Project Canterbury











[Benjamin Thornton Dudley]


Published by request of the Bishop of the Diocese








Transcribed by the Right Reverend Dr. Terry Brown
Bishop of Malaita, Church of the Province of Melanesia, 2005




"Who then is a faithful and wise servant, whom his lord hath made ruler over his household, to give them meat in due season? Blessed is that servant whom his lord when he cometh shall find so doing."--St. Matthew xxiv. 45, 46.

THERE are some occasions in our lives, brethren, when the words of Holy Scripture are invested for us with a degree of plainness, and its figures reveal a depth of meaning such as no mere verbal explanation could ever bring out; they are less felt to be figures, then the expression of a literal reality.

Take as an illustration of this the Scripture figure used in the Collect for this day, and evidently familiar to the writers respectively of the Epistle of the Gospel. The Church is a "household." Jesus Christ, the Son of the Householder, is the Master of the house. Having received delegated authority of His Father, he has appointed his various under officers, and "to every man his work." until He shall come to take account of him; and this He may do at any time.

A household; in which every member has to do "according to his several ability;" some perform what in the estimation of men are higher and more honorable, others perform seemingly less honorable offices; the arrangements are in large measure left to those engaged in the various departments of the work; and thus, the adjudication of necessity sometimes proves mistaken; but sometimes, men go to their posts, under the conviction that they have been directly called to them by the voice of God Himself; and what a help this is to enable them to remain faithful to the end!

[4] The taking up of a place in this household consciously and heartily involves a giving up to it and to its work, of the first place in everything; and the relegation even of our nearest relatives and friends to the second position. If the first duty of an earthly servant is towards his or her employers, if the first claim on an enlisted solider is that of his country, then in a far higher sense and far more absolutely the Captain of our salvation, the Master of that great household the Church has a first claim upon those who are its members. Let us face the fact, brethren; let us ponder well the saying, hard though it is. He who, in obedience to the calls of duty forewent the tender ministrations of His mother and His sisters, and who in His earnest self-abnegation for men's sakes, suffered His brethren to say of Him, "He is beside himself;"--He who, stretching forth His wide embracing arms declared all those who should do the will of God to be His "brother and sister and mother;' has said explicitly to us, His disciples, "If any man come to me, and hate not his father, and mother, and wife, and children, and brethren, and sisters, yea and his own life also, he cannot be my disciple; and whosever doth not bear his cross, and come after me, cannot be my disciple."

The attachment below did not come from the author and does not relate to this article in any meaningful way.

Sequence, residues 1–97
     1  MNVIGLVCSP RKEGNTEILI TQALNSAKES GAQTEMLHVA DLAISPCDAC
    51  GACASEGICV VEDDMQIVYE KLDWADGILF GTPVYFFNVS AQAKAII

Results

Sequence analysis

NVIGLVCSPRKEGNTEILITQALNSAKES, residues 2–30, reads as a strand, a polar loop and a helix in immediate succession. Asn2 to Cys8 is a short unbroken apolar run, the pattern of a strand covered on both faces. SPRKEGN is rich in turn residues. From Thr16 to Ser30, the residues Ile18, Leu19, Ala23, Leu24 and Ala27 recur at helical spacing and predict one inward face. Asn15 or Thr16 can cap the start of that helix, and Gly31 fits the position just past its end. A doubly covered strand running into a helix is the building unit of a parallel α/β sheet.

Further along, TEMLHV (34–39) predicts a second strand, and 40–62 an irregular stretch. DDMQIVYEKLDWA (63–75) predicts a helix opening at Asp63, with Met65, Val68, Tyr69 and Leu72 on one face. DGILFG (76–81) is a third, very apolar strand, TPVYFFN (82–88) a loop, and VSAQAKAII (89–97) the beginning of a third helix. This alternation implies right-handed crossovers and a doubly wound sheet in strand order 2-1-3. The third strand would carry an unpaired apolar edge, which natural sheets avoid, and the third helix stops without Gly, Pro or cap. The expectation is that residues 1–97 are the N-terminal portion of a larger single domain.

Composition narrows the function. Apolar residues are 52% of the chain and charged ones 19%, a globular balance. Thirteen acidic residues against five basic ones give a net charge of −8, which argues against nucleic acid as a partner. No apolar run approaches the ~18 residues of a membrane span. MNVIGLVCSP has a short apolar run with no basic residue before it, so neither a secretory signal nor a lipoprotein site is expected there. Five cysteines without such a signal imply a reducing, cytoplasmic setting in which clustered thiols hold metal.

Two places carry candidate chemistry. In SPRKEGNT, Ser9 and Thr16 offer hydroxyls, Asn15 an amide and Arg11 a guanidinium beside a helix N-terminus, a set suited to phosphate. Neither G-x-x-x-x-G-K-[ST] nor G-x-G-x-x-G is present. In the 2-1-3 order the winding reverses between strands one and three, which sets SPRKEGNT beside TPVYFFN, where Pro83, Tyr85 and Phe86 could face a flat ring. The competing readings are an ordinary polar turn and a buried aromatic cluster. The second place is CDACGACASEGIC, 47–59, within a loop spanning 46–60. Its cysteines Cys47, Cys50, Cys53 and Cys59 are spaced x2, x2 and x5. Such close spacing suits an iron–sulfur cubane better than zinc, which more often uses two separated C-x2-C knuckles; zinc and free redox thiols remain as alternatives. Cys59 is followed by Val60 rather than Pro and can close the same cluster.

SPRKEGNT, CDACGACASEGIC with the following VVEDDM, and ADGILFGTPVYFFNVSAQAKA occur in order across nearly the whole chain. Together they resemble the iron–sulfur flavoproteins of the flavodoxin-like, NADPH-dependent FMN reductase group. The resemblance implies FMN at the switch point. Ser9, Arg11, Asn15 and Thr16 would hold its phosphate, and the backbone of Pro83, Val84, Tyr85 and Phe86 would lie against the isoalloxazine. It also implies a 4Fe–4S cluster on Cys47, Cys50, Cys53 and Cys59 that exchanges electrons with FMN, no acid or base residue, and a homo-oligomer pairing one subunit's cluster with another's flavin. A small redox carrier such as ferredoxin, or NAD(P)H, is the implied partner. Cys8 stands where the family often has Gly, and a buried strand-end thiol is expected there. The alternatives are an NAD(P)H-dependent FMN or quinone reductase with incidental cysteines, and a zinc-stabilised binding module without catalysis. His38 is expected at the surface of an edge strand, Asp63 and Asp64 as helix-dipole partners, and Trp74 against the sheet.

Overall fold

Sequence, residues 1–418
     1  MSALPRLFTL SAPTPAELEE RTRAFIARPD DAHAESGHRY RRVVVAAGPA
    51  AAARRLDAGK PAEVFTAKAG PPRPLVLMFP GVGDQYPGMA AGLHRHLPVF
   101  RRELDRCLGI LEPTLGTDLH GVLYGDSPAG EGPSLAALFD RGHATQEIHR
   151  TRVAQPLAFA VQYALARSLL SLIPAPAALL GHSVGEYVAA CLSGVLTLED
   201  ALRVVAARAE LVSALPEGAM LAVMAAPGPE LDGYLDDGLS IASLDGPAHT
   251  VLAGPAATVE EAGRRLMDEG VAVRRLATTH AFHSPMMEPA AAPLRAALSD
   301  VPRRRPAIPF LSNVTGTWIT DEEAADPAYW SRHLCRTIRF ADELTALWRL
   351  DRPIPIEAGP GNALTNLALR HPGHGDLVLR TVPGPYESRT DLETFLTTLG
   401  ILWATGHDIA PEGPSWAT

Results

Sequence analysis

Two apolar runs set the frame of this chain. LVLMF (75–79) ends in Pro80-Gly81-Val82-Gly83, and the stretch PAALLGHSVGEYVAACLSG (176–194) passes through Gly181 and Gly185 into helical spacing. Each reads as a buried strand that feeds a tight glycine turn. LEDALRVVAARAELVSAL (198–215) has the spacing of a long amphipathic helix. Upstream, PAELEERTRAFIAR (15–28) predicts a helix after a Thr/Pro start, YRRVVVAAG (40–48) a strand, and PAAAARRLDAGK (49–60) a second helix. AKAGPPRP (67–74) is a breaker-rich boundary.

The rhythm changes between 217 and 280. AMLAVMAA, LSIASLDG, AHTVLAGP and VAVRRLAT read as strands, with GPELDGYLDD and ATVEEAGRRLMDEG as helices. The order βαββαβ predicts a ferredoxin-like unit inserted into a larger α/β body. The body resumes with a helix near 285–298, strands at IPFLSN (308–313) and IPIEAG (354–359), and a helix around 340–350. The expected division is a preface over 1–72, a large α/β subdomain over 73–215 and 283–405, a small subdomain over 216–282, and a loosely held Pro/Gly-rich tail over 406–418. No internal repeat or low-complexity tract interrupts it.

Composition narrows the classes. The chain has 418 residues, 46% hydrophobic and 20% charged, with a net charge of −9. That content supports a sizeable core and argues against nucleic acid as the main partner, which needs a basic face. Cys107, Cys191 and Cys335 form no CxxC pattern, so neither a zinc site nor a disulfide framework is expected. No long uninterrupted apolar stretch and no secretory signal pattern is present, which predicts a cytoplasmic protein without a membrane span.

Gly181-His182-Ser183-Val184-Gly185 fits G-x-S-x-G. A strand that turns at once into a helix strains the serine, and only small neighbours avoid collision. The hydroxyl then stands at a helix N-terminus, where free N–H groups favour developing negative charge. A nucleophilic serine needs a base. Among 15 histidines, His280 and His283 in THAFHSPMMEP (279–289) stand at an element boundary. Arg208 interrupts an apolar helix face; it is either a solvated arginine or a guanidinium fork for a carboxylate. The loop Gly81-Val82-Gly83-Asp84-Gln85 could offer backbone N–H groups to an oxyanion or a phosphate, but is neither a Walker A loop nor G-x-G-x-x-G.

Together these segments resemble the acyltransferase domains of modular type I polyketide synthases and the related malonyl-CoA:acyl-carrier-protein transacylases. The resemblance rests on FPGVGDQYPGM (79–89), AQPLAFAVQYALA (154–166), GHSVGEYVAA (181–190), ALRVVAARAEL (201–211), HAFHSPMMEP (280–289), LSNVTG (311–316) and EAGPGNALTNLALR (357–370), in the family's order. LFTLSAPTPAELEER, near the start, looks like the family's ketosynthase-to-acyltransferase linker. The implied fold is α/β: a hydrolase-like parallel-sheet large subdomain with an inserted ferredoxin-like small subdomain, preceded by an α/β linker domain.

And what does He mean by this? we know well, that He does not demand of us neglect of our relations, or forgetfulness of those dear friends whom God's providence has placed around us; all his actions contradict such an idea; was any other ever so tender as He, to those in anxiety or suffering from bereavement, whether humble disciple, or haughty ruler, whether a personal friend, or a poor widow met for the first time in the road at a funeral; or a stranger, one of those his countrymen [4/5] despised? Was He one to counsel suppression of natural feelings, who bade a would-be follower, "Go home to thy friends, and declare what things God hath done for thee;" Who, in the hour of death agony, made thoughtful provision for His heart broken mother?

No! He was tender above all others, even as He was the pattern to all others in His self-denial and self-forgetfulness for His work's sake. Reading His words in the light of His acts, and in the light of the acts of those who have most deeply drunk of His Spirit and trod most closely in His steps, we understand that what He demands of His disciples as a first condition of discipleship, is a mental act of complete self surrender at the outset; a laying down at His feet, in will and in intention, of all we have and all we are, as being His who has redeemed us; and, after this, having all still, holding all still, houses, friends, relatives, means, everything as before, with only this difference, that now we hold them as stewards; as part of the property of the household to which we belong; our constant mental attitude for henceforth is indicated by the words of St. Paul at his conversion, "Lord, what wilt Thou have me to do?" and let any clear indication of His will be given to us, then, though the call be to sell all that we have, to throw up a good worldly position, to forsake those on earth we love best, or to go to the furthest corner of the world in the furtherance of Christ's work; if we are true disciples, obedient members of the household, we shall obey it promptly and cheerfully.